Issue 5 and Volume 149.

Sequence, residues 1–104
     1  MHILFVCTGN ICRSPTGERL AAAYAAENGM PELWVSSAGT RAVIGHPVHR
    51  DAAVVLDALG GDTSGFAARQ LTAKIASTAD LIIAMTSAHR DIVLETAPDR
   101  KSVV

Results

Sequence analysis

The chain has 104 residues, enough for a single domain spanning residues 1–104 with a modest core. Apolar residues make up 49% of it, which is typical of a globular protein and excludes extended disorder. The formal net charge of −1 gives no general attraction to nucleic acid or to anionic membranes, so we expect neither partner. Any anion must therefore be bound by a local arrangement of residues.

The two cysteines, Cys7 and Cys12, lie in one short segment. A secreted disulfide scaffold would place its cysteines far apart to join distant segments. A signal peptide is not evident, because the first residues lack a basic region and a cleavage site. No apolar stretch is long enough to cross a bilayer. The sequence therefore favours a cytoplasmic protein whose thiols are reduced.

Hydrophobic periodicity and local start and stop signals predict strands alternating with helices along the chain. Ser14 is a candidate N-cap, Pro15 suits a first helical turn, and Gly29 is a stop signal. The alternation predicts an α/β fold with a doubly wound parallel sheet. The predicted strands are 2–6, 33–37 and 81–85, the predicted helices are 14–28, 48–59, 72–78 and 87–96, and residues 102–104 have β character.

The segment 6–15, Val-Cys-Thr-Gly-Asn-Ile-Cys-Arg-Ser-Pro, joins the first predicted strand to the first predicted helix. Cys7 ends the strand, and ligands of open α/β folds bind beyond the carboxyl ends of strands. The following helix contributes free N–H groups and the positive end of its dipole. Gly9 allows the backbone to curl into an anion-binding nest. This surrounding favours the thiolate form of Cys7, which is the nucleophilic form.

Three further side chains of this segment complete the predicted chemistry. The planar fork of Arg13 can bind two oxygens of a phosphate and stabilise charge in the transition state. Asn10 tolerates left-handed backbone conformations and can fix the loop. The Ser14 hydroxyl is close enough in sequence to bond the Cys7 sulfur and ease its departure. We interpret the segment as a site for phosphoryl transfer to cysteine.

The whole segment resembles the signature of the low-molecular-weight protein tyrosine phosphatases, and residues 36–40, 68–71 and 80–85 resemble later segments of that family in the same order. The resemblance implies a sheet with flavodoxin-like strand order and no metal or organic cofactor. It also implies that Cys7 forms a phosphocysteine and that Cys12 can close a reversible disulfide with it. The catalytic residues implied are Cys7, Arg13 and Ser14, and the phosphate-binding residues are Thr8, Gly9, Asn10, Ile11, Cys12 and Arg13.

CONQUERING THE ENTANGLEMENT HAZARD BY BRAD BOMBARDIERE AND RANDY RAU Firefighters entering a hazardous environment always run the risk of entanglement from numerous sources. Deaths resulting from entanglement in wires, cables, or other such hazards are a major challenge to fire personnel. We observed in training that the most widely accepted method for freeing oneself from entanglements–the “swim” method–left a 30-degree cone or “blind spot” over the firefighter`s SCBA air bottle so that it could not be covered with traditional swim movements even if the swim technique was properly executed. No matter how good the technique, firefighters were unable to swim into the blind spot. Since the profile of the air bottle causes many entanglements, the majority of them occur within that blind spot. We observed recruits as they attempted to free themselves from an entanglement. Anxiety built during the entanglement. After several unsuccessful attempts to “swim out” or disentangle…

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